Fallen from Grace (Hunger Games)

68th Hunger Games

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38. Graveyard Visit

    Emily was up before the boys, in the kitchen making lunch they’d eat later on once both of them were awake. She swallowed back the lump swelling in her throat and the hot tears threatening to escape. With a heavy sigh and a dab at the corner of her eyes, she barely turned the dial of the stove and looked into the small pot of beef stew bubbling a little more aggressively. 

    It should just be about ready.

    She poked at a piece of sliced carrot in the stew to check if it was done, still a little solid, but give it another five minutes. Emily heard the stairs moved under weight, knowing that one of the boys was awake and coming down. Once the quiet creaks stopped, she was greeted with a good morning. Followed by: “Smells good.”

    “I really wanted to get it right,” she answered with a weak smile and went back to making them grilled cheese sandwiches. One batch with three different types of cheeses, another with mayo, and the last toasted a little longer than the others.

    “Well,” Conner began as he took one with mayo and bit into it, “I won’t doubt it’ll turn out exactly as he liked it,” he continued in between bites.

    Emily pursed her lips with a slot nod. It was June. Liam’s birthday and the three of them planned to visit where he was buried. 

    He would have turned twenty.

    After Scottie came downstairs, the three of them walked toward the graveyard talking about Liam as if he was still alive. Even with the smiles and laughs, it pained all of them. It pained the brothers whom grew up with him. And they suspected it hurt Emily more than it hurt them. 

    Knowing that she had to carry the guilt of his death for the rest of her life. Aware that if they never met, he’d still be alive and not have volunteered to protect her. Remembering that the man that loved her unconditionally was fine with having a knife that she had thrown in his heart.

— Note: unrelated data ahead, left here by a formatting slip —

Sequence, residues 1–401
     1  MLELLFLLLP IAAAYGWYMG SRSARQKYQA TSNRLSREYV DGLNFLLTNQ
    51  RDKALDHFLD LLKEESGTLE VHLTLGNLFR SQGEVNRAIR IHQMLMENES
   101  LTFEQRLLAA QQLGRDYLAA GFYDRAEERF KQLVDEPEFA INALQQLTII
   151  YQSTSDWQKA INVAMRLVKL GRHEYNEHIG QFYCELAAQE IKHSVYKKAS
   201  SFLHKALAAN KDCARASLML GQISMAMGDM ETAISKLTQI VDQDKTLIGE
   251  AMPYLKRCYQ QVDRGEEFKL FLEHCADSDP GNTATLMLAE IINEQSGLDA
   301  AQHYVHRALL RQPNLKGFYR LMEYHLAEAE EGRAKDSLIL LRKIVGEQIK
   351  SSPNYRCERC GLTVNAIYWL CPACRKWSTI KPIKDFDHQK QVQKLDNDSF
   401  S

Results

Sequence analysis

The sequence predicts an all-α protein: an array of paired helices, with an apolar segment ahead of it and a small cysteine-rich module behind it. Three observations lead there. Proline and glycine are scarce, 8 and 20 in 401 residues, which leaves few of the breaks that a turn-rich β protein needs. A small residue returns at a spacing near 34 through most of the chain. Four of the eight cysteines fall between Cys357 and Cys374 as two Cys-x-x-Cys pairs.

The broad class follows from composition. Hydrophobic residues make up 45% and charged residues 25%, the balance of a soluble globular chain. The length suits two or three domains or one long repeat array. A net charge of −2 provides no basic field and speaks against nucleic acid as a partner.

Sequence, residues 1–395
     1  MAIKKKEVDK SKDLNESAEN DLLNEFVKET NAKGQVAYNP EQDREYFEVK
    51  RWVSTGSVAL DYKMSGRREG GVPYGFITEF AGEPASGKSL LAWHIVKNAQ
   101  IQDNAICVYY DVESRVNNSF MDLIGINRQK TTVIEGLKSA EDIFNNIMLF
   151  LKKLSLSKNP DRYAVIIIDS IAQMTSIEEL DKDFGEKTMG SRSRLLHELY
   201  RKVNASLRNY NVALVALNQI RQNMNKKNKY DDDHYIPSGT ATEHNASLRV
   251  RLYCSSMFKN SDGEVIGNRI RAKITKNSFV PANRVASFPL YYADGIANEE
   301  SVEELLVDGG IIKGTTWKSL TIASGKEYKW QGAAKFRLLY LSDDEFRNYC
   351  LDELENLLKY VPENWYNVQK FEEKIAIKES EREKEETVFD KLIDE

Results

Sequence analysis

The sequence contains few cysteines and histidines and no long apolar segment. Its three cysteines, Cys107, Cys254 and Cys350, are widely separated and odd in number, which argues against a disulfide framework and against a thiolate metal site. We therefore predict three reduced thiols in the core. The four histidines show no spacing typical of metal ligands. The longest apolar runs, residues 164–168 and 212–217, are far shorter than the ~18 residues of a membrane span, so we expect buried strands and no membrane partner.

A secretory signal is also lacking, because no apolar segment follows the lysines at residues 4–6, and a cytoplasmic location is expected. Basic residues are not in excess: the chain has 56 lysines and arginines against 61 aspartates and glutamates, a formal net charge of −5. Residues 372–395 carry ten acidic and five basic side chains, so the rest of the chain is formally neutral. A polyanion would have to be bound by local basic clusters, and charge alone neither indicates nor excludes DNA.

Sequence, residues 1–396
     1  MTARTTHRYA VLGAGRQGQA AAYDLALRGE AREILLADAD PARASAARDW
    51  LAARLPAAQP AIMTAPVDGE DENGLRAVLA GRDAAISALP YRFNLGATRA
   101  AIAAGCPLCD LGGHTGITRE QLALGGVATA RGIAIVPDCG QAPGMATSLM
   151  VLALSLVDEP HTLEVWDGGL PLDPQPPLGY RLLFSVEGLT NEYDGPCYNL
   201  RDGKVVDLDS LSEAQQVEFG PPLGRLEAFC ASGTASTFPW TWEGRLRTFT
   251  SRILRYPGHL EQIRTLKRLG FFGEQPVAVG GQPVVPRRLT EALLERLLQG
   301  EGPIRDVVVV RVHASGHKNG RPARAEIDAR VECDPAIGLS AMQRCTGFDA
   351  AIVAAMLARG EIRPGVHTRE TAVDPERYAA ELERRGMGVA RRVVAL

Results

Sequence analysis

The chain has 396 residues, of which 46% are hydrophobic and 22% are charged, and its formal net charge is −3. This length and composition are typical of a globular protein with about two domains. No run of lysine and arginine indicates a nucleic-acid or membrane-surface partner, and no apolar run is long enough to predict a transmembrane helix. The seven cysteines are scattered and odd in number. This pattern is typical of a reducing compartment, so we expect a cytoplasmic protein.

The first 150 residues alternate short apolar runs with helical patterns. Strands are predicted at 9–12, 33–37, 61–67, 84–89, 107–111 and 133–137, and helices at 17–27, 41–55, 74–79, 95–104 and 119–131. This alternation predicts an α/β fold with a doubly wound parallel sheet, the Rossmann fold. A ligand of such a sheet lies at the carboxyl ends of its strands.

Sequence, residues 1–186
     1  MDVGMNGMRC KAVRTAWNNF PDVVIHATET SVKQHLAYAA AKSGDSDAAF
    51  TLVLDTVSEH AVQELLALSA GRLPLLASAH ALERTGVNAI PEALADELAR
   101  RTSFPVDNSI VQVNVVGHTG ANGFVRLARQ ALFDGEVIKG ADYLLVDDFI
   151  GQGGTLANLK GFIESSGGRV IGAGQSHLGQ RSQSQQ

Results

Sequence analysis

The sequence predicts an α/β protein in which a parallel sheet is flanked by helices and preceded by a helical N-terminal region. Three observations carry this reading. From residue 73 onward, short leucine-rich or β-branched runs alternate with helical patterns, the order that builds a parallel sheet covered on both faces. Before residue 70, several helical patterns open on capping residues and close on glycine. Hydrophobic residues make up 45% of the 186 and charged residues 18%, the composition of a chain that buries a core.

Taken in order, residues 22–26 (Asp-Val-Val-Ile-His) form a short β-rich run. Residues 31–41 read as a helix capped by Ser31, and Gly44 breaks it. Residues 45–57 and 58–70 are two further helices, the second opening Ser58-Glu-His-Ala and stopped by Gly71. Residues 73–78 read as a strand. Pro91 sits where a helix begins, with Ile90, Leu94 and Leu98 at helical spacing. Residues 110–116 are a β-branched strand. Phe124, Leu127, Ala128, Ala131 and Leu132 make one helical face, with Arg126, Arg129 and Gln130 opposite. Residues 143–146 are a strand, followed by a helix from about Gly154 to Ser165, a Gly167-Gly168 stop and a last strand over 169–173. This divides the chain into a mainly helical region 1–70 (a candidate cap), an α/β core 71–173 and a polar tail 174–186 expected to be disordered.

Her chip on her shoulder was heavier than the rest of them . . .

    It was the first time Emily had gone to visit Liam’s grave, she shouldn’t feel nervous about going to see a piece of rock with her best friend’s body underneath them. She felt more ashamed than nervous not having gone to see him sooner. Let alone, actually talk to him. The boys led the way and stopped just about eighty yards from the entrance where Emily read Liam’s name carved on white stone. She took in a deep breath as the three of them sat down around his grave and unpacked their lunch.

    “Hey, brat,” Conner greeted with a slight smile and took out a bottle of champagne. “Happy twentieth.” 

    Emily couldn’t help but chuckle at the greeting. Of course he would still call his little brother a brat. “Sorry we took forever,” she said quietly and took out a bowl of beef stew and placed it in front of his name. “Scottie overslept.”

    “Way to throw me under the bus, Em,” Scottie rolled his eyes at her.

    Constantine and Emily chuckled as she passed Conner the bottle opener and then took out all their sandwiches. Emily only made the beef stew for one. It was Liam’s favorite and was always made when they could afford meat. A loud POP broke through the unwrapping, and cold oozed from the mouth of the bottle. Conner poured the champagne into four glasses and placed one next to the beef stew bowl.

    “Emily insisted on the champagne,” the oldest Aldair shared. “Says it’s really good.”